maandag 27 april 2009

Dou da dou

Call 'm sweet nothings: the meaningless hummings, almost babylike noises singers sometimes make instead of singing actual words. It might be to imitate an instrument, it might be filler. It's what the compilation Dou da dou is all about, featuring mostly songs with titles like Dou da dou, Zoïzoï and Hum! Hum! Those three examples are posted here, together with the liner notes:

Michèle Richard - Dou da dou.

Daughter of the French Canadian musician Ti-Blanc Richard, singer, TV hostess, actress Michèle Richard started taking ballet and piano classes at the age of four. By the age of sixteen, she had already appeared in more than 450 TV shows. Hers would then be one of the most impressive careers in the Canadian pop music industry. with the release of over 70 singles and 30 albums. Virtually unknown on this side of the Atlantic, she sang Dou da dou in 1970. A splendid song with a killer melody, it was taken from the original soundtrack of the movie L'explosion, and had been penned by Henri Salvador.

France Gall - ZoïZoï

A meager footnote in France Gall's extensive career, happening right after her productive collaboration with Serge Gainsbourg and just before the new start with Michel Berger would provide. Zoïzoï was released in 1970 and has, amazingly, never met the slightest succes. It remains however the most sought-after recording in France Gall's discography: this extremely rare single now generally commands over 200 euros among collectors.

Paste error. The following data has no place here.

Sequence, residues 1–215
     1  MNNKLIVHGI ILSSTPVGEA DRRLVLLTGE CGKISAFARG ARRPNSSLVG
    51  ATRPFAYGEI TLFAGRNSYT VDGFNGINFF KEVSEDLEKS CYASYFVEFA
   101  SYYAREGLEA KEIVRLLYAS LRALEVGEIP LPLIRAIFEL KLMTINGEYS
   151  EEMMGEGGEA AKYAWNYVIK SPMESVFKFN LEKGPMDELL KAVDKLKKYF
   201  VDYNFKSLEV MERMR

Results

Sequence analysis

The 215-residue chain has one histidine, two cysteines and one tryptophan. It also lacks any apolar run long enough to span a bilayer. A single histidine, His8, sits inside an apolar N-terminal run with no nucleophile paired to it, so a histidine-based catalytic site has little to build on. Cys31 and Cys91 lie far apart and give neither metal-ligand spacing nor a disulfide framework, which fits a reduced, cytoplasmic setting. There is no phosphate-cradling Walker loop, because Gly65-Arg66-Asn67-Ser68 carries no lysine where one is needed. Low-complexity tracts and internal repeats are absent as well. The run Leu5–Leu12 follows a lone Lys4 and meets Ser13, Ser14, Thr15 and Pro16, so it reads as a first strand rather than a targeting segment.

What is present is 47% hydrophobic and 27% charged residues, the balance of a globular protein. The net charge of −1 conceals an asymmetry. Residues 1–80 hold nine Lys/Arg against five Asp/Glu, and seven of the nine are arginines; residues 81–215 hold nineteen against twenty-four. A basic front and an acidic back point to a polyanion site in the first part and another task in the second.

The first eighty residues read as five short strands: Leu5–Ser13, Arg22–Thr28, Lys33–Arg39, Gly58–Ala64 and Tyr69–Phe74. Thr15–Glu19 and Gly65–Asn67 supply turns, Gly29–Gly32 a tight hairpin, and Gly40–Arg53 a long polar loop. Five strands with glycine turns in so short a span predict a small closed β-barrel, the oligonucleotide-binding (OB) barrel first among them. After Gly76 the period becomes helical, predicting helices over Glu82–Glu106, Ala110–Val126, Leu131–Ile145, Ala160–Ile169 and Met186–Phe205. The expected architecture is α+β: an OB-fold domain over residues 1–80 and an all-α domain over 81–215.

Françoise - Hum! Hum!

Françoise Deldick (pictured) started her career as an actress in the late fifties, and played in numerous films, including Le President, La Derobade and Le Bar du telephone. She made the headlines by climbing the stairs of the Cannes Festival of 1960...riding a horse. Alongside her acting career, she recorded half a dozen singles in the sixties. Released in 1968, the very sexy Hum! Hum! is a cover from Mickey & Sylvia's 1957 Love is strange.

2 opmerkingen:

  1. I just bought a book on this subject. It's called "Le dictionnaire des onomatopées dans la chanson" (written by Alain Pozzuoli).

  2. Arno from Belgium also steps in the long tradition of nonsense lyrics, with titles such as 'Oh La La La', 'Ratata', 'Ye Ye', 'Viva Boema', 'Ugh Ugh'. Even with his proper lyrics sometimes you get they impression they were thrown together last minute with only one precondition: rhyme. Often this works out well, for instance with TC Matic's 'Putain Putain': In those cases Arno (who stutters in real life) elevates his artless lyricism to a new level, and his expression can do very well thank you without the confines of proper words with a universally understood meaning. It is more the sound that seems to interest him. But on the flipside, in other cases such as 'Lola Etc.', the result can be somewhat embarrasing lyrically speaking. But at least his delivery is always unquestionably top class.

    Roger Grund